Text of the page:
The invention also provides for the use of a stabilizing molecule in template-dependent sequencing. Stabilizing molecules useful in the invention include, for example, locked nucleic acid (“LNA”) analogs and peptide nucleic acid (“PNA”) analogs. Generally, a stabilizing molecule increases the affinity and specificity of the primer/target nucleic acid bond, and increases the melting temperature of the primer/target nucleic acid duplex or the specificity of incorporation of a nucleotide into the primer in a sequencing by synthesis reaction. An example of a locked nucleic acid is shown in FIG. 4. Both locked nucleic acid and peptide nucleic acid analogs increase the melting temperature of the primer/template duplex and, therefore, confer stability on the hybrid, whether or not the anchoring strategies described above are used.

Polymerases useful in the invention include any polymerizing agent capable of catalyzing a template-dependent addition of a nucleotide or nucleotide analog to a primer. Depending on the characteristics of the target nucleic acid, a DNA polymerase, an RNA polymerase, or a reverse transcriptase can be used. According to one aspect of the invention, a thermophilic polymerase is used, such as ThermoSequenase®, 9° N™, Taq, Tfl, Tth, Tli, Therminator, or Pfu. In one embodiment, the invention provides for the primer/target nucleic acid duplex to be exposed to the polymerase and nucleotide at a temperature between about 30° and about 80° Celsius. A preferred polymerase is a Klenow fragment having reduced 3′-5′ exonuclease activity.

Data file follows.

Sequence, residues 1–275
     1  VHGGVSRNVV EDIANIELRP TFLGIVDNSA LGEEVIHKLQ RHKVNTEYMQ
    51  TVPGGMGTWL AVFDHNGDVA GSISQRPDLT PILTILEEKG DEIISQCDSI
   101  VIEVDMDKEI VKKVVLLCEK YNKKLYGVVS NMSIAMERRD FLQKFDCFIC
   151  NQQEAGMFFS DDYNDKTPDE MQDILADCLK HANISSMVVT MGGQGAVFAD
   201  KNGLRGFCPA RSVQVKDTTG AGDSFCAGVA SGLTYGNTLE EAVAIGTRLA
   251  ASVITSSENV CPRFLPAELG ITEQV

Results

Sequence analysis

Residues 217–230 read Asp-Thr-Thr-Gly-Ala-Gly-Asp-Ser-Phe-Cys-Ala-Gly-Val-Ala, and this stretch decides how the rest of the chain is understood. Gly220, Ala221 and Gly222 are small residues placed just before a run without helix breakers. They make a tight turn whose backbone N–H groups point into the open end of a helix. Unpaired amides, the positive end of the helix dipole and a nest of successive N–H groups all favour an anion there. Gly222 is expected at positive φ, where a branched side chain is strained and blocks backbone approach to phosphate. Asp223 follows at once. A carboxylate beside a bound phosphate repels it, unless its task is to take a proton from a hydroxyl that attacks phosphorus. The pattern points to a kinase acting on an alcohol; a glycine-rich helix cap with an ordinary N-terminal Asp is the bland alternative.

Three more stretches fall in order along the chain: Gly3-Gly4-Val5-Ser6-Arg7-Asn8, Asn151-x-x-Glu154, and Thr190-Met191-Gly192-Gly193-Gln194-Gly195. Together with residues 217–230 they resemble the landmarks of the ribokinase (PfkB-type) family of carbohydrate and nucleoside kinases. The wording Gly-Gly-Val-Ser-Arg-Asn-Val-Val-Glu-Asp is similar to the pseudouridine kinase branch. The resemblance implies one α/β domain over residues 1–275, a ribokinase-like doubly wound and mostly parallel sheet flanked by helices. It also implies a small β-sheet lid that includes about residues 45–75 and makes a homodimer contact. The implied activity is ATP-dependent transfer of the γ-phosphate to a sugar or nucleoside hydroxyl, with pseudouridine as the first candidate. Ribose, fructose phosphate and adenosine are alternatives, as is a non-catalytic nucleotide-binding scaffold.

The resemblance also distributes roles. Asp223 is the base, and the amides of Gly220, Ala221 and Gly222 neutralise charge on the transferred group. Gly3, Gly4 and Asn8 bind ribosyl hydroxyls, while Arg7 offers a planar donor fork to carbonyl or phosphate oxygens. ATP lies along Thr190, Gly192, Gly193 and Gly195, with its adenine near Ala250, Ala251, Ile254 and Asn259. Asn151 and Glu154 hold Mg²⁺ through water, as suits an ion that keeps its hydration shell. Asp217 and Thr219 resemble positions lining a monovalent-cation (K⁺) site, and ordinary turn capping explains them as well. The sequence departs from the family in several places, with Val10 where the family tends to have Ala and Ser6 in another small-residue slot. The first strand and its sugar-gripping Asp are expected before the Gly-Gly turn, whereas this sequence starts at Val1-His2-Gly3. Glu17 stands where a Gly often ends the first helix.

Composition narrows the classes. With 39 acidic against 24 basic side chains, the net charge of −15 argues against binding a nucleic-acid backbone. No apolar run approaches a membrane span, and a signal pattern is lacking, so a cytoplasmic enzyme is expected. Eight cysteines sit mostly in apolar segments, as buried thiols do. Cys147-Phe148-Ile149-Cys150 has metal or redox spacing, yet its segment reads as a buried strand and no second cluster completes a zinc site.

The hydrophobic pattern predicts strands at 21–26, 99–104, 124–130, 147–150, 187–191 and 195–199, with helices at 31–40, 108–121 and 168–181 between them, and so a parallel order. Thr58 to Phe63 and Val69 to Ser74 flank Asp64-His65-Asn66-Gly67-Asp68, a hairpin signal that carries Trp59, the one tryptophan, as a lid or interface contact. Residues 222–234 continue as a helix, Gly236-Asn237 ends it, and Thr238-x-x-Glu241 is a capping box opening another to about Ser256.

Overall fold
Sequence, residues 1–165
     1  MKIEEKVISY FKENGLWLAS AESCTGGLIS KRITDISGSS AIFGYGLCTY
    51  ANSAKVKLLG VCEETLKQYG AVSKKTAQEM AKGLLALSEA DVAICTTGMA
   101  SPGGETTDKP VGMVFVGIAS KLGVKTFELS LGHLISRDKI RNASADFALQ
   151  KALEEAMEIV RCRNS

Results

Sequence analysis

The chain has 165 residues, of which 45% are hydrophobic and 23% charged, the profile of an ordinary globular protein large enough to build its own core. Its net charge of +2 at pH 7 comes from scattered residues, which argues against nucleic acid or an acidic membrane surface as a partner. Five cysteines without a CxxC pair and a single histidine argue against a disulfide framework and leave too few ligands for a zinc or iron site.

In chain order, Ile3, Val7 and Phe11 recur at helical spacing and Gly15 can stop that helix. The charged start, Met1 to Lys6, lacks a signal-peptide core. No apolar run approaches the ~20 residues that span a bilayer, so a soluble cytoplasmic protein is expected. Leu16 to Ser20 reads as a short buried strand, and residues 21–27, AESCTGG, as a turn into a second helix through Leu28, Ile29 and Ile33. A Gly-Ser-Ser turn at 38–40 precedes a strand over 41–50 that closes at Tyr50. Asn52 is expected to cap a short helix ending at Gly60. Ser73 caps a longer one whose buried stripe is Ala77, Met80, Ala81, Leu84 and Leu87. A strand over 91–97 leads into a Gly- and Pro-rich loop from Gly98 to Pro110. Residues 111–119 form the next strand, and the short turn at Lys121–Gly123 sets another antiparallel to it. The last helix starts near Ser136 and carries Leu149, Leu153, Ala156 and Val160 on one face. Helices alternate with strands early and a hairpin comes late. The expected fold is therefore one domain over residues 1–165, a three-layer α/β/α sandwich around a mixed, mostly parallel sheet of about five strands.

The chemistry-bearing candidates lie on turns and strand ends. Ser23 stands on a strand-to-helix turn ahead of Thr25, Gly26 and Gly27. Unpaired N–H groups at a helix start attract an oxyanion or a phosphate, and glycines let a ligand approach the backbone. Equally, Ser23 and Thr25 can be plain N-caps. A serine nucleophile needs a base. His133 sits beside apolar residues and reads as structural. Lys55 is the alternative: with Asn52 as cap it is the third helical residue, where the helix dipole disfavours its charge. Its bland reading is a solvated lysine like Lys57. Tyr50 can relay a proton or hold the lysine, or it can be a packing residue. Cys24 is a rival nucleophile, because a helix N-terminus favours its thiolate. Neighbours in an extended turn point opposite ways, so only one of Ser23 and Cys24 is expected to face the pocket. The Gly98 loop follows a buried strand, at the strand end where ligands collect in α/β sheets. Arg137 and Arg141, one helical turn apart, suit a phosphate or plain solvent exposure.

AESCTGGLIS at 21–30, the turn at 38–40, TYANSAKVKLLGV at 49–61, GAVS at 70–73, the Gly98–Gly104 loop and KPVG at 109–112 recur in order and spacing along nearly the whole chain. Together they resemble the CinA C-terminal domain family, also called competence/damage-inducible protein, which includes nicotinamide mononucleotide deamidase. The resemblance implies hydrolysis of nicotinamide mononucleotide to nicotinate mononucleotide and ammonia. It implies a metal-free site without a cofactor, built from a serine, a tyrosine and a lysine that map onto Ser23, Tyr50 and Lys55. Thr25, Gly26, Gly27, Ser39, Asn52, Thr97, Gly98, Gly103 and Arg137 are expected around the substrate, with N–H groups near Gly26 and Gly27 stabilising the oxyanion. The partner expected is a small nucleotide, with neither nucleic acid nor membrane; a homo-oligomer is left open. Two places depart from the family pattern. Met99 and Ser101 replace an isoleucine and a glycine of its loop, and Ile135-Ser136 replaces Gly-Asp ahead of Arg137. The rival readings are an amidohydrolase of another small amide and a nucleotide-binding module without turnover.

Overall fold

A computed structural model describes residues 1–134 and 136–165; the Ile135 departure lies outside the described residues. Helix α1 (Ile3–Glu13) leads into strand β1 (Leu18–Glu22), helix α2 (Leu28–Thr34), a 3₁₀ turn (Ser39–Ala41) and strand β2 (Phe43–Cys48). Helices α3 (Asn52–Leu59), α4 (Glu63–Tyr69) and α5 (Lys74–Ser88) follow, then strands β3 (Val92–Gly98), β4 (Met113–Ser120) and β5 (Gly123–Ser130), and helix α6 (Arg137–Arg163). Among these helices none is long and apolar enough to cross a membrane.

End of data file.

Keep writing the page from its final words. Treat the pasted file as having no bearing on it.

Nucleotides useful in the invention include any nucleotide or nucleotide analog, whether naturally-occurring or synthetic. For example, preferred nucleotides are adenine, cytosine, guanine, uracil, or thymine bases; xanthine or hypoxanthine, 5-bromouracil, 2-aminopurine, deoxyinosine, or methylated cytosine, such as 5-methylcytosine, and N4-methoxydeoxycytosine. Also included are bases of polynucleotide mimetics, such as methylated nucleic acids, e.g., 2′-O-methRNA, peptide nucleic acids, modified peptide nucleic acids, locked nucleic acids and any other structural moiety that can act substantially like a nucleotide or base, for example, by exhibiting base-complementarity with one or more bases that occur in DNA or RNA and/or being capable of base-complementary incorporation, and includes chain-terminating analogs.

Nucleotides for primer addition according to the invention preferably comprise a detectable label. Labeled nucleotides include any nucleotide that has been modified to include a label that is directly or indirectly detectable. Preferred labels include optically-detectable labels, including fluorescent labels or fluorophores, such as fluorescein, rhodamine, derivatized rhodamine dyes, such as TAMRA, phosphor, polymethadine dye, fluorescent phosphoramidite, Texas Red, green fluorescent protein, acridine, cyanine, cyanine 5 dye, cyanine 3 dye, 5-(2′-aminoethyl)-aminonaphthalene-1-sulfonic acid (EDANS), BODIPY, 120 ALEXA or a derivative or modification of any of the foregoing, and also include such labeling systems as hapten labeling. Accordingly, methods of the invention further provide for exposing the primer/target nucleic acid duplex to a digoxigenin, a fluorescein, an alkaline phosphatase or a peroxidase.